By Clare Myers
As a Midwest girl, I am always amazed at how vast Dallas is. The metroplex is an enormous, sprawling hub of activity, and I have always been struck by the sheer variety of it all. It took me a few months to understand the distinctive character of the different neighborhoods. A night out in Addison, for example, is quite a different experience from a night out downtown.
In general, I prefer the more low-key vibes of Lower Greenville or the Bishop Arts District to the flashiness of uptown. So when a friend suggested we go to Village Burger Bar on McKinney Avenue for an early dinner Friday night, I was skeptical. The parking situation lowered my expectations even further, as we made tedious circles in a garage stuffed to the gills with Porches, Lexuses and gaggles of young professionals in tailored suits and sky-high heels.
But when we walked into Village Burger Bar, I instantly noticed the mood change. The small restaurant was about as casual as uptown gets on a Friday night, busy but relaxed. We placed our orders at the counter with the friendly bartenders and took our numbers to find a table. Threading our way through the place, it seemed like everyone there, like us, was enjoying a (relatively) laidback dinner and getting ready for the night ahead.
Taking advantage of the cool weather, we snagged a table on the patio and sipped on margaritas ($3.25 on Fridays before 9 p.m.) while we waited for our food. It arrived fairly quickly, despite the dinner rush.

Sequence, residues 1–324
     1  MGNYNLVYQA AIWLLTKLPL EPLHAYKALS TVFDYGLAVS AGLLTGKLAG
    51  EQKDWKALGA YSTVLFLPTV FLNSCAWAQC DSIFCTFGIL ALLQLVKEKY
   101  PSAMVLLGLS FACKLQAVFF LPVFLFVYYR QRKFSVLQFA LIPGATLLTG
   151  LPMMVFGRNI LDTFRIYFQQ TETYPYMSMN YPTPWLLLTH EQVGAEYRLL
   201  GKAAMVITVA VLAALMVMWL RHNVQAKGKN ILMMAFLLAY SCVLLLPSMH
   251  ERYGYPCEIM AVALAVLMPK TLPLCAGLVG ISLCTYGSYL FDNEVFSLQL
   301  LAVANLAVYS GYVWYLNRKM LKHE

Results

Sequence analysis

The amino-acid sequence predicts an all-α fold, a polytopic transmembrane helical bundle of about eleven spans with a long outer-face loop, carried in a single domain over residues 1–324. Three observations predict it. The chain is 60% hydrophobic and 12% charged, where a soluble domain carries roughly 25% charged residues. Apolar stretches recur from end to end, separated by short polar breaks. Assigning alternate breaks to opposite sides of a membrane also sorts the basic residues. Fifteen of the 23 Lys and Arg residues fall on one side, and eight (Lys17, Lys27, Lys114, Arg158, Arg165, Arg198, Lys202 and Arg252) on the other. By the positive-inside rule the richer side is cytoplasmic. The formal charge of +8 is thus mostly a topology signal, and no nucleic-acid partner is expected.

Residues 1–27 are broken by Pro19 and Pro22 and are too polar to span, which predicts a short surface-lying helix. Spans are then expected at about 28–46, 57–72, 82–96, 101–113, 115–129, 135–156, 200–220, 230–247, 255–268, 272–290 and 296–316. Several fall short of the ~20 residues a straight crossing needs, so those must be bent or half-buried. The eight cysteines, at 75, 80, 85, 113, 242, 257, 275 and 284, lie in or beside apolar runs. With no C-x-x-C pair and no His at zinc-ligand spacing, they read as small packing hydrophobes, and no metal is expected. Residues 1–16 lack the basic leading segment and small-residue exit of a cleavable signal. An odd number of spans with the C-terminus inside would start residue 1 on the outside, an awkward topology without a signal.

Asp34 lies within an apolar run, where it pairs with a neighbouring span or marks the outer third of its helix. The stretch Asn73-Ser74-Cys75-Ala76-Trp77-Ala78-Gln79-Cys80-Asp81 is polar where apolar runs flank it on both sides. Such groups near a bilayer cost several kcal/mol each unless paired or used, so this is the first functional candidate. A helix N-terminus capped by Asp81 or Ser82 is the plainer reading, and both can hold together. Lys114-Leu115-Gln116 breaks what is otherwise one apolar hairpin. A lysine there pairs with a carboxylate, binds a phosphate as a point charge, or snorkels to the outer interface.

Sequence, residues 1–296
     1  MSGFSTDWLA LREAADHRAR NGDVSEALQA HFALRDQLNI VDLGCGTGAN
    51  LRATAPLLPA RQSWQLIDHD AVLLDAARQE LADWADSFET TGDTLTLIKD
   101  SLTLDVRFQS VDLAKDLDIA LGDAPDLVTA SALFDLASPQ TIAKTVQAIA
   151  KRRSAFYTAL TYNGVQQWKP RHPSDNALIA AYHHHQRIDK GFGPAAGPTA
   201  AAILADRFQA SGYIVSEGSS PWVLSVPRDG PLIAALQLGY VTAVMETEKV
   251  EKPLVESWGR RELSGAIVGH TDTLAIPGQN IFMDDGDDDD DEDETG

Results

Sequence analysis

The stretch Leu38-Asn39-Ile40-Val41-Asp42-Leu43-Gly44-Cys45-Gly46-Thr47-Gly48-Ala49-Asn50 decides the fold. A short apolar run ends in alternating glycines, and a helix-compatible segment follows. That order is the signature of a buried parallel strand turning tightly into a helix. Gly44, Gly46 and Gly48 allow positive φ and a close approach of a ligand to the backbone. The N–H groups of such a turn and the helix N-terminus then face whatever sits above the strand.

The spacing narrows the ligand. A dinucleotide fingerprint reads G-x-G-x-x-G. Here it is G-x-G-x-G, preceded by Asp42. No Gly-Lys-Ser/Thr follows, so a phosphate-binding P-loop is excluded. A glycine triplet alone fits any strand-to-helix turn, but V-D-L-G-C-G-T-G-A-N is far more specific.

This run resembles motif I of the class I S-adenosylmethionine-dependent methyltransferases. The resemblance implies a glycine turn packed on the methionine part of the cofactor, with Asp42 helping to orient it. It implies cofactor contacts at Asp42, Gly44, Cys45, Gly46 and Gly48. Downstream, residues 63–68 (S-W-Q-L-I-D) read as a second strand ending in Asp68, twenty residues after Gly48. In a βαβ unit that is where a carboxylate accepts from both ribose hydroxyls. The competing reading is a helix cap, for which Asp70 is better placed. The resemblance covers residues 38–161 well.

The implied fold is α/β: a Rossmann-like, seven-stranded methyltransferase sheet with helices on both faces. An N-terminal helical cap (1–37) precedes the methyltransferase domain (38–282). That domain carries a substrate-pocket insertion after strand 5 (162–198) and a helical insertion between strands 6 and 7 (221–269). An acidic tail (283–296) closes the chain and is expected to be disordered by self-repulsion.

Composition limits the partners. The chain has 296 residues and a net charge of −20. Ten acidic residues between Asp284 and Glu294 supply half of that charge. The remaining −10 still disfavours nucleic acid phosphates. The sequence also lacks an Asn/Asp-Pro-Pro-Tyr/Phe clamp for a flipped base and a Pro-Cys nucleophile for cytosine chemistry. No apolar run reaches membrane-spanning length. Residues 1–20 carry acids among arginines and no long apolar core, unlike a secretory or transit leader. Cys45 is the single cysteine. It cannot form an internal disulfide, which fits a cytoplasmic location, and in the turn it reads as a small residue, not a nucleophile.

Village Burger Bar’s menu is simple, with a short list of burgers, paninis and salads, along with the option to build your own burger. It also offers a small number of sides and desserts.
One friend ordered the “Champagne & Cheddar Burger,” which includes cheddar, lettuce, tomatoes, onions, dill pickles and champagne mustard ($6.50). Another ordered the “Swiss ‘Shroom Burger” with Swiss, spinach, sautéed mushrooms, onions and artichoke aioli ($6.50).
I chose to make my own burger, adding pickles, lettuce, tomatoes, mushrooms and spinach to a beef burger on a wheat bun ($5.75). I went the classic route, but customers can add toppings such as dried cranberries or fire-roasted chilies free of charge and cheeses like feta or goat for an extra $0.75. I chose spicy brown mustard, but Village Burger Bar offers a variety of sauces from garlic aioli to basil mayo. My burger was passably tasty, with nothing to write home about in terms of flavor. Compared to similar burger joints such as Twisted Root, it was a bit of a disappointment. The bun, surprisingly, was the only remarkable part of it, since good wheat buns are a rare find. My friends had similar reactions to their burgers.
A few friends ordered sides of fries, which come in both shoestring and sweet potato form ($1.75 for a small, $3.50 for a large order). Again, they were nothing special, although the sweet potato fries were definitely more flavorful than the shoestring.
Despite the admittedly average food, I liked Village Burger Bar. A decent burger, a good margarita special, a thoroughly enjoyable atmosphere and great friends — who can complain?